Acoustic tiles, Adhesives, cement,based, cork tiles, fungicidal, impact, latex, PVA, tile, vinyl flooring, wallpaper paste, waterproof, Airbricks, Anchors, nylon, nylon collapsible, rubber,sleeved, Angle, brackets ,shelf, L,shaped metal, timber, Angled metal strips, Anti,child locks, Anti,jemmy plates, Armchair re,upholstering, final cover, frame, hessian, scrolls, springs, stripping, stuffing, Awl (bolster), Ball (or float) valve, changing the washer, Croydon and Portsmouth, diaphragm, equilibrium, leaks, Bathrooms, condensation in Battens, shelf, Bib taps, Binder bars, Blanket insulation, glass fibre, mineral wool, Blockboard shelves, Blowtorches, Bolts, hinge, security mortise, surface fitting, U window security, Brackets gutter, fascia, rafter side, rafter top, Brackets ,shelf Bradawl, Burglars see Home security Buttons, upholstery, Cable, electrical, non,sheathed single core, sheathed, stripping, Carborundum stone, Carpets, cleaning (stains), repairing, stair, tiles, Carpets, fitting, binding edges, door clearance fitting a stretched, foam,backed, hessian,backed, joining carpet to, joining seams with tape, joining to hard flooring, laying, preparing sub,floor, starting edge technique, stretching, tools and equipment, dimming, underlay, Carpet grippers, Carpet shampooer, Carpet soil extraction machine, Carpet ‘steam’ vacuum cleaner, Carpet tacks, Carpet tape,’ Ceiling(s), condensation on, cracks, papering, Central heating systems, corrosion , Ceramic tiles, floor, adhesive, cutting border cutting corner, cutting shapes, fixing, glazed, grouting, ‘ mosaic, preparing surface, repairing, replacing damaged, studded, glazed, Ceramic tiles, wall, border, cutting, designs, example of, fixing with adhesive, grouting, heat,resistant, lining wall, patterned, plain, preparing surface, RE, REX, renovating, spacer (or field), textured, Chair covers, cleaning fixed and loose, cleaning and repairing leather and vinyl, re,covering armchair, re,covering drop,seat dining Chairs and sofas, buttons, cushions, repadding drop,seat, reupholstering armchair, rewebbing, Chimney,breast, wallpapering, Chipboard, panels, shelves, Chisel, bevel edge, cold, flooring, upholsterer’s ripping, Cisterns and tanks (hot and cold), ball valves, Cathodic protection, cold weather protection, corrosion in, Cold weather protection, frozen pipes, lagging, service pipe, storage cistern, Combination square, Compound fillers, Concrete (solid) floors, carpet tiles on, dusty, fitting carpets on, joining carpet to, Condensation, bathrooms, ceilings, damp floors, double glazing and, wall surfaces, windows, Contour gauge, Contour tracer, Copper piping, damaged , Cording sets, Cork tiles, adhesives for, cutting, hard wax, polyurethane, repairing, unsealed, vinyl,faced, at, Corners, fitting carpet, floor tiling, repairing external, wallpapering, wall tiling, Cornice poles, Corrosion, central heating systems, cisterns and tanks , gutters, Countersink bits, Cracks, gutter, plaster, Crime Prevention Officers (CPOs), Croydon ball valve , Cup washers, Curtain headings, cartridge pleats, gathered, pencil pleats, pinch pleats, smocked effect, Curtain hooks, Curtain linings, detachable, interlining, lightproof, milium, pyrovatex, Curtain poles, Curtain rings, false, Curtain rods, Curtaintracks, box rails, cording sets, curtain poles, fixing, hanging nets, , I,section rail, non,pelmet, pelmet, ornamental finials, Curtain wire, Curtains, Cushions, Damp,proof membrane, Door chains, Door clearance, Door locks and bolts, hinge bolts, hook bolt mortise, mortise, rim, security mortise bolt, surface fitting bolts, two bolt mortise, Doors, back and side, French windows, front, hinge recesses, interior, metal, opening into room, opening out of room, painting, rehanging internal, sliding patio, timber sliding Door viewer, Doorways, door frames, carpet fitting , carpet tiles, extending, floor coverings under, papering, Double glazing, condensation and, coupled windows, insulating glass, plastic film, secondary sashes, sound insulation, Downpipe, Draincocks, Drills, hand (wheel brace), electric hammer Drill bits, Drilling into a wall, Drum sander, Earthing, Electricity, double insulation, earthing, flex colour coding, joining flex, repairing fuses, sockets, stripping flex, wiring up plugs, Electrolytic corrosion, Expanded polystyrene, Expansion bolts (rawbolts), Extractor fan Fanlight windows, File, general purpose flat, Flagstones, Flex, electrical, circular braided, circular sheathed, colour coding, connectors, joining, l stripping, twisted twin, Flex connectors, connector strips, insulated, insulated detachable, Flex grips, Floorboards, timber, cutting across, levelling surface, lifting, loose and squeaky, retiling, resurfacing, square,edged, tongued and grooved, Floor(s), asphalt, concrete, damp, damp,proof membrane, hardwood, heating system under, insulation under, timber (suspended), ventilation, Floor coverings, carpet tiles, carpets, fitted, ceramic tiles, cleaning, cork and vinyl tiles, door clearance, repairing, rush matting, sheet vinyl, stair carpet, Floor sander, electric, French chalk, French windows, Frozen pipes, Fuses, cartridge, miniature circuit breakers, rewirable, Garston or BRS valve, Gaskets, Gimp pins Glass, replacing pane of, Glass,cutters, Glass fibre blanket, Glass fibre filler, Glasspaper, Glazing clips, Grinning (paint), Grouting, Gutters, blockages, brackets, cast,iron, leaking joints, painting, plastic, realigning sagging, replacing a section, rust and cracks, Hacking knife, Hacksaw, Hammer, claw, club, Warrington cross, Hardboard , conditioning, laying sheets, shelves, Hardwood floors, repairing, Heading tape, curtain, Heating, central, underfloor, Hessian chair backing , , Home security, anti,burglar paint, CPOs, door locks and bolts , doors, types of, floor plan, WSDs, Insulating (hermetically sealed) glass, Insulation, blanket, double glazing, draught excluder, granule, insulating boards loft, pipes, roof felting, sound, under,floor, Insurance, Joists, Jumpers see Taps Jumping bit, Knee kicker, Knots, slip , reef, Lagging, Lining paper, Locks, anti,child, disc tumbler, hook bolt mortise, mortise, rim, stay, two,bolt mortise, wedge, window, WSDs, Loft insulation, Metal binder bars, Metal button trims, Milium (lining), Mineral wool insulation, Mirror tiles, l Mirrors, clip fixing, frame fixing, screw fixing, Mortise locks, Mosaic tiles, Multi,blade cutting knife, Nail punch, Nails, clout, headless (sprigs), hidden, ring shank or serrated, round head, Nap grips, Needles, upholstery, double,pointed, slipping, springing, Notched spreader, tile cutter, Paint, anti,burglar, l anti,condensation, l bituminous, emulsion, enamel, fire,retardant, gloss, oil,based, primer, polyurethane gloss, stripping, thinning, thixotropic (non,drip),undercoat, water,based, Paint and varnish remover, , l Paint brushes, Painting, doors, walls and windows, gutters, over wallpaper, Painting faults, Paintwork, effect of condensation on, Parquet blocks, Pasting table,l Patio door lock, Pelmets and valences, Pillar taps, Pipe wrench, Pipes, alcove, boxing in, copper, burst, cutting carpet tiles, cutting tiles, disappearing, down, frozen, lagging, laying vinyl round, lead, service, skirting board, Plane, block, smoothing, Plaster repairs, ceiling cracks, external corners, filling cracks, filling deep cavity, recessing fittings and cables, replacing loose plaster, undercoat, Plastic, channel ,double glazing, Plastic film, double glazrng, Plastic, wood, Plug terminals, clamp,type, screw hole, Plugs, electric, see also Wall plugs Plum bob and line, Plywood, shelves, Polyethylene wallpaper, Polythene sheet, Polyurethane, cork tiles, gloss paint, sealer, mderlay, Portsmouth ball valve, Primers, Protective spectacles or goggles, Pryovatex (lining), PTFE plastic thread sealing tape, Putty, PVC shatterproof panels, Quarry tiles, Radial wiring, Repadding a chair, Rewebbing a chair, Rim lock, Ring main circuits, Roofing felt, Rush matting, repairing, Sanding, hand, mechanical timber floors, Saws, circular power, flooring, hack, pad, panel, powered jig, tenon, veneer tenon, Scaffold board, Screwdrivers, Yankee, Screws, countersunk, mirror, Secondary sashes, fixed or hinged, plastic channel, sliding, Security grilles, Self,adhesive tape, Shape,tracer, Shave,hook, Shelves, shelving, adjustable, angle brackets, brackets, end,pieces, free,standing, loads, l, materials, metal, putting up, stud supports, supports, uprights, wall, wiring and lighting Shrouded,head taps, paint, Sizing, Sleeper walls, Sockets, cutting recess for, Softwood shelves, Sound insulation, Spacer lugs, Spacer tiles, Spacer washers, Spanner, Spirit level, Spotlight, Sprigs (headless nails), Stains, carpet, Stair carpets, fitting, edge,to,edge fitting, fitting onto winders, tack,down method , tackless strip method, underlay, Stair pads, Stairwell, wallpapering, Stardrills, Steam stripper, Steel (cabinet) scraper, Steel measuring tape, Step ladders, Stopcocks, String lines, Stripping, chemical, heat, paint, wa\lpaper, see also Sanding Stripping knife, Supataps, Taps and washers, bib, continued dripping, l fitting new, gland failure, ‘O’ ring seal, pillar, shrouded,head, supataps, Teak shelving, Templates, Terrazzo floors, Terry clips, Thermoplastic tiles, paint, Tile cutters, Tile nippers, Tiles, acoustic, carpet, ceramic floor, ceramic wall, Cork and vinyl, mirror, thermoplastic, Timber floors (suspended floors), fitting carpets onto, hardwood, laying carpet tiles on, laying hardboard sheets on, relaying, repairing, resurfacing , see also Floorboards Toggle plugs, nylon, Toggles, gravity, spring, Torbeck ball valve, Transfers, selfl,adhesive, Transom windows (vents), Trimming knife, Try square, Undercoats, paint, plaster Underlays, carpet, brown paper, felt, felt paper, fitting, polyurethane loam or rubber, stair carpet, Upholstery, buttons, eye cleaning, fixed and loose covers foam cushions, leather and vinyl, repadding drop,seat dining chair, repairing (patching), reupholstering armchair, rewebbing chair, Uprights (shelving), Vermiculite, Vinyl, asbestos tiles, chair covers, cushioned, floor tiles, paint, sheet flooring, wallpaper, Vinyl,faced cork tiles, Vinylized repair kit, Wall(s), ‘ceramic tiles, condensation cracks, drilling into, expanded polystyrene lining, half,tiled, lining, painting, shelving, sleeper, Wall fixings, Wall plugs, Timber, nylon, plastic, Wallpaper,wallpapering, ceiling, dry,strip, estimating quantity, equipment, hanging, lining paper, painting over, patterns, polythylene, preparing surface for, ready,pasted, storing, stripping off, turning corners, vinyl, washable, Wallpaper paste, Wash,basin pedestal, Washer and seating kit, Washers, ball valve, Water hammer, wc , ball valves in cistern, Web stretcher, Wedge lock, Window frames, condensation effects on, cutting,in paint brush for, metal, painting, wood, Window security devices, Windows, bay, condensation caused by, coupled, double glazing, recesses, replacing glass in, sash, tiling round, Wire strippers, Wood beading, Wood fillers, Wood seam roller, Woodworm,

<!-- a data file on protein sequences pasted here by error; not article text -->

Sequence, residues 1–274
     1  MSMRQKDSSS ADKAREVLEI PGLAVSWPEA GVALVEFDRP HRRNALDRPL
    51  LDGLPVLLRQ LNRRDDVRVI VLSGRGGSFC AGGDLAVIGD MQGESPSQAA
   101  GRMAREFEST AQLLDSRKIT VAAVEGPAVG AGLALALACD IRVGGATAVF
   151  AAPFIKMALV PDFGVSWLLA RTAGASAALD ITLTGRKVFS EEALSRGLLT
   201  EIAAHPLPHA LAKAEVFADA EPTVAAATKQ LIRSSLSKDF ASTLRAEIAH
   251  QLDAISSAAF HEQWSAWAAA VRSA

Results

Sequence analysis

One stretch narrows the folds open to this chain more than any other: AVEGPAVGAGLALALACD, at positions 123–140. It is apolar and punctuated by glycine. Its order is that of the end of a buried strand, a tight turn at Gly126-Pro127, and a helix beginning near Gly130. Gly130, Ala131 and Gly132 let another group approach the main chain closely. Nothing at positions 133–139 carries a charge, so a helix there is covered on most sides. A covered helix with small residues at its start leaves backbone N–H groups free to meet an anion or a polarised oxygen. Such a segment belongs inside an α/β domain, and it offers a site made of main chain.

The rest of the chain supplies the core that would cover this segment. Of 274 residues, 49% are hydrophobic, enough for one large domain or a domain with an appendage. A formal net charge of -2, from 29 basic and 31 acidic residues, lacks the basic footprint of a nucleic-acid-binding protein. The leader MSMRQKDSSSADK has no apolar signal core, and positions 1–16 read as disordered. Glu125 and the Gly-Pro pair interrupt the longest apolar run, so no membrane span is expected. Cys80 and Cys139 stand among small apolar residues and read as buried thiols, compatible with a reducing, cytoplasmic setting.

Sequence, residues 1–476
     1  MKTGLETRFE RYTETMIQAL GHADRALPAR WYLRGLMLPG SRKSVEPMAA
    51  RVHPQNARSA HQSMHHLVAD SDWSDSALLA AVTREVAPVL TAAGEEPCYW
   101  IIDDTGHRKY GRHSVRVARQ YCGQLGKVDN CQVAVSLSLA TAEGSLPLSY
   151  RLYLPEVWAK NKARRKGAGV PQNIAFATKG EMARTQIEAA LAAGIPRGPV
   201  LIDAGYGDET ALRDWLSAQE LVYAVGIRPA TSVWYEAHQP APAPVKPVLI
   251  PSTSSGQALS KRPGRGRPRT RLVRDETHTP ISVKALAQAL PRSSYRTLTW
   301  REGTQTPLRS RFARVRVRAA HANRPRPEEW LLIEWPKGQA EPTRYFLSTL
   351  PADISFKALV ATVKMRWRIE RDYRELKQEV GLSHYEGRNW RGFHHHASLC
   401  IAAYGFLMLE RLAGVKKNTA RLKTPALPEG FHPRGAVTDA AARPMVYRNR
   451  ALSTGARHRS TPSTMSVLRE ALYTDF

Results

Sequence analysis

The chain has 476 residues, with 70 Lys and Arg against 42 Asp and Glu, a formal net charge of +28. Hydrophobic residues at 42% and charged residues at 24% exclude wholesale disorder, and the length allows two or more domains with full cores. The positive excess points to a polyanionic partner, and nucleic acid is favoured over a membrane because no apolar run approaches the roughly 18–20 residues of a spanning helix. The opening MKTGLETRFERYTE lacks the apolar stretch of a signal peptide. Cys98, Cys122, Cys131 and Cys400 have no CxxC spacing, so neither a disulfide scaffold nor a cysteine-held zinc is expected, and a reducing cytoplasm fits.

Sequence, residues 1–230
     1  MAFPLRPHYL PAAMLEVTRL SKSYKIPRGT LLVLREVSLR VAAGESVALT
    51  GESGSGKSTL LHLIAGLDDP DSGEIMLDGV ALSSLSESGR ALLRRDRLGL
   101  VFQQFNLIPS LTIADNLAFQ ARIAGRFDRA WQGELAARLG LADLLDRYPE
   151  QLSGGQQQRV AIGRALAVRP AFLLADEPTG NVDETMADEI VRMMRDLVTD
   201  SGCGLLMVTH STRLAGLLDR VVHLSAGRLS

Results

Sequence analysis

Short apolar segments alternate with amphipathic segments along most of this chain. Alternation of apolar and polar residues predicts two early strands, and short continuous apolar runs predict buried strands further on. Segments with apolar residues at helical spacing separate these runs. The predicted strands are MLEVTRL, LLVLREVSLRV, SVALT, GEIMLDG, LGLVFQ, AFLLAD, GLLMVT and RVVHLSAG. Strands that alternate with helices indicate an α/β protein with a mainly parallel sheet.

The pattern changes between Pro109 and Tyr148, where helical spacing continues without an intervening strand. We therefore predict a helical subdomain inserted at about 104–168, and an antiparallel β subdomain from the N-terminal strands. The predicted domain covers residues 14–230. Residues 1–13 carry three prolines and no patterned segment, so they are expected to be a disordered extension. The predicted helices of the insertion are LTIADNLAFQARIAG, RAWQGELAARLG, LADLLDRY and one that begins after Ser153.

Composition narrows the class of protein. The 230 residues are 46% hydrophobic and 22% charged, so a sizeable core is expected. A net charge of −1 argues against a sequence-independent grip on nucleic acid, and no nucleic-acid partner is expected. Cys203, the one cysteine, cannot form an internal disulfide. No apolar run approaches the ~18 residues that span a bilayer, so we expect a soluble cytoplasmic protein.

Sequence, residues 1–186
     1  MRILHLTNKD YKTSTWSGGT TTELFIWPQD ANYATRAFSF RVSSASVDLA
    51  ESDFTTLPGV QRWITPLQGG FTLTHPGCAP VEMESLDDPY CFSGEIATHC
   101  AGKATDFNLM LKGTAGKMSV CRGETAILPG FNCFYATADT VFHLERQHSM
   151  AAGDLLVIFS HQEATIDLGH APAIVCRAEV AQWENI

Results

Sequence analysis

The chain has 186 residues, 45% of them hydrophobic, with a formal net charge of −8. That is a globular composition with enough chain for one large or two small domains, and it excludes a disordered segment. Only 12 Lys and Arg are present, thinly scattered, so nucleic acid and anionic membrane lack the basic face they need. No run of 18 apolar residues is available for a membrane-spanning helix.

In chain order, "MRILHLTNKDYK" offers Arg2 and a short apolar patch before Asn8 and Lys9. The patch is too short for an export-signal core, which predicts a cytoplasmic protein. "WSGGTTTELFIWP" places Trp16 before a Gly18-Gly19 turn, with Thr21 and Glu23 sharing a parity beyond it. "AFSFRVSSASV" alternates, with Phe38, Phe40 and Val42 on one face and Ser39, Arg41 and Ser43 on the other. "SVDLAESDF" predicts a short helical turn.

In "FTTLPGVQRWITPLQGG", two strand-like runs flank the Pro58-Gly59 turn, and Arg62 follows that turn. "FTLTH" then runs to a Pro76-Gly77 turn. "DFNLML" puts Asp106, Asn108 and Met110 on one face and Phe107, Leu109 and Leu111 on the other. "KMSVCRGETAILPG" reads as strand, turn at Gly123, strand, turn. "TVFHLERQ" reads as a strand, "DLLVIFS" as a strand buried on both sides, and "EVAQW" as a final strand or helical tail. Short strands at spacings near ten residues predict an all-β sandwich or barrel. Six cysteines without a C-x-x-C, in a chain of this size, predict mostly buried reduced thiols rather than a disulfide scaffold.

Home Security